Tim Dee - Four Fields
- Rob St Jon
- 19 September 2013
A look at the man's effect on nature across the Cambridge Fens, Montana grasslands, Zambian plains and Chernobyl wastegrounds
In Four Fields, Tim Dee explores human relationships with the environments around us: meditations on where and how we live. His stop-start sentences sing with an eager curiosity as he writes of four very different fields, each uncommon ground for interwoven human and environmental histories.
Dee’s birdwatching background seeps through these furrowed dérives, his descriptions of place frequently picked out through bird behaviour. In the post-industrial exclusion zones around the Chernobyl reactor in Ukraine, a chaffinch’s song ‘hit a tiny silver hammer on the sky’. On the dry Zambian plains, he is fascinated with the green and yellow flash of the honeyguide, a bird with cuckoo-like approach to nesting. For Dee, the honeyguide is both the trespasser and the farmer of this constantly remade landscape: profiting from the misfortune of others (the communitarian bee-eater).
At its best, this book draws on the various scales of Dee’s personal experience, a deeply lived memory of place. Seeds of uncertain radioactivity are caught in the turn-ups of his jeans and brought home to Cambridgeshire. The 19th century dispossession of the Sioux from grassland in Montana by European settlers – a conflict ‘centred on farming and fencing’ – is told through the lens of the modern-day poverty of many of their descendants.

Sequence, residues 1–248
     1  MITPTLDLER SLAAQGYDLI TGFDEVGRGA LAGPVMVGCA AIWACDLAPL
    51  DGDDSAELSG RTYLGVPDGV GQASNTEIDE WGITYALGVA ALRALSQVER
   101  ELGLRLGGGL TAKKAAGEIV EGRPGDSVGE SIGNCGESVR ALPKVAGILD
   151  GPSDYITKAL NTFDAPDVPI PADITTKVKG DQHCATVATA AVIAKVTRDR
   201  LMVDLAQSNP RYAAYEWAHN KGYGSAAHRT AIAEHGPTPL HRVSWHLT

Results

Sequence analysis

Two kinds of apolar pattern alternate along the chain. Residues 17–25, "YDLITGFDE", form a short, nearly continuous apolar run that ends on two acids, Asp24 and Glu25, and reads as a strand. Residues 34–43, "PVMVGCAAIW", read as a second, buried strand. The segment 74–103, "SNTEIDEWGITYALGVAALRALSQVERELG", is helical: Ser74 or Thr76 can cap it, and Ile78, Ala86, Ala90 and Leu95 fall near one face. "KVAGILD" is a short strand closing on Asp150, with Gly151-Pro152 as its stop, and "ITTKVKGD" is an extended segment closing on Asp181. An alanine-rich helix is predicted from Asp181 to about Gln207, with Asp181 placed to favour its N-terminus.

Dee describes palimpsest landscapes, fields written over and again by human hand, and very occasionally taken back by nature. The ‘empty’ land in Zambia isn’t empty, ‘it only seems that way’. Land tenure and enclosure are frequently skirted around and occasionally addressed head on: the dispossessed communities in Montana and Zambia; the new ‘enclosure beyond enclosure’ proposed by rewilding projects in Dee’s beloved Fens.
Water is a recurring feature in Dee’s fields, whether literal or otherwise. Chernobyl’s ruined ecosystems have a ‘flatness that comes from the middle of a place… a flatness that comes out of the sea’; the accretion of human history written off the map by slow radioactive creep. In the Cambridgeshire Fens, ‘the ghost of water is everywhere – its presence, its absence, its removal and its defiance – it wetly mirrors everything dry’. Fields, for Dee, are proving grounds for human history, bound up in defined parcels of land. However, despite our best efforts to grid and girdle the world in fences and walls, self-willed nature regularly finds a way to slip back through the gaps.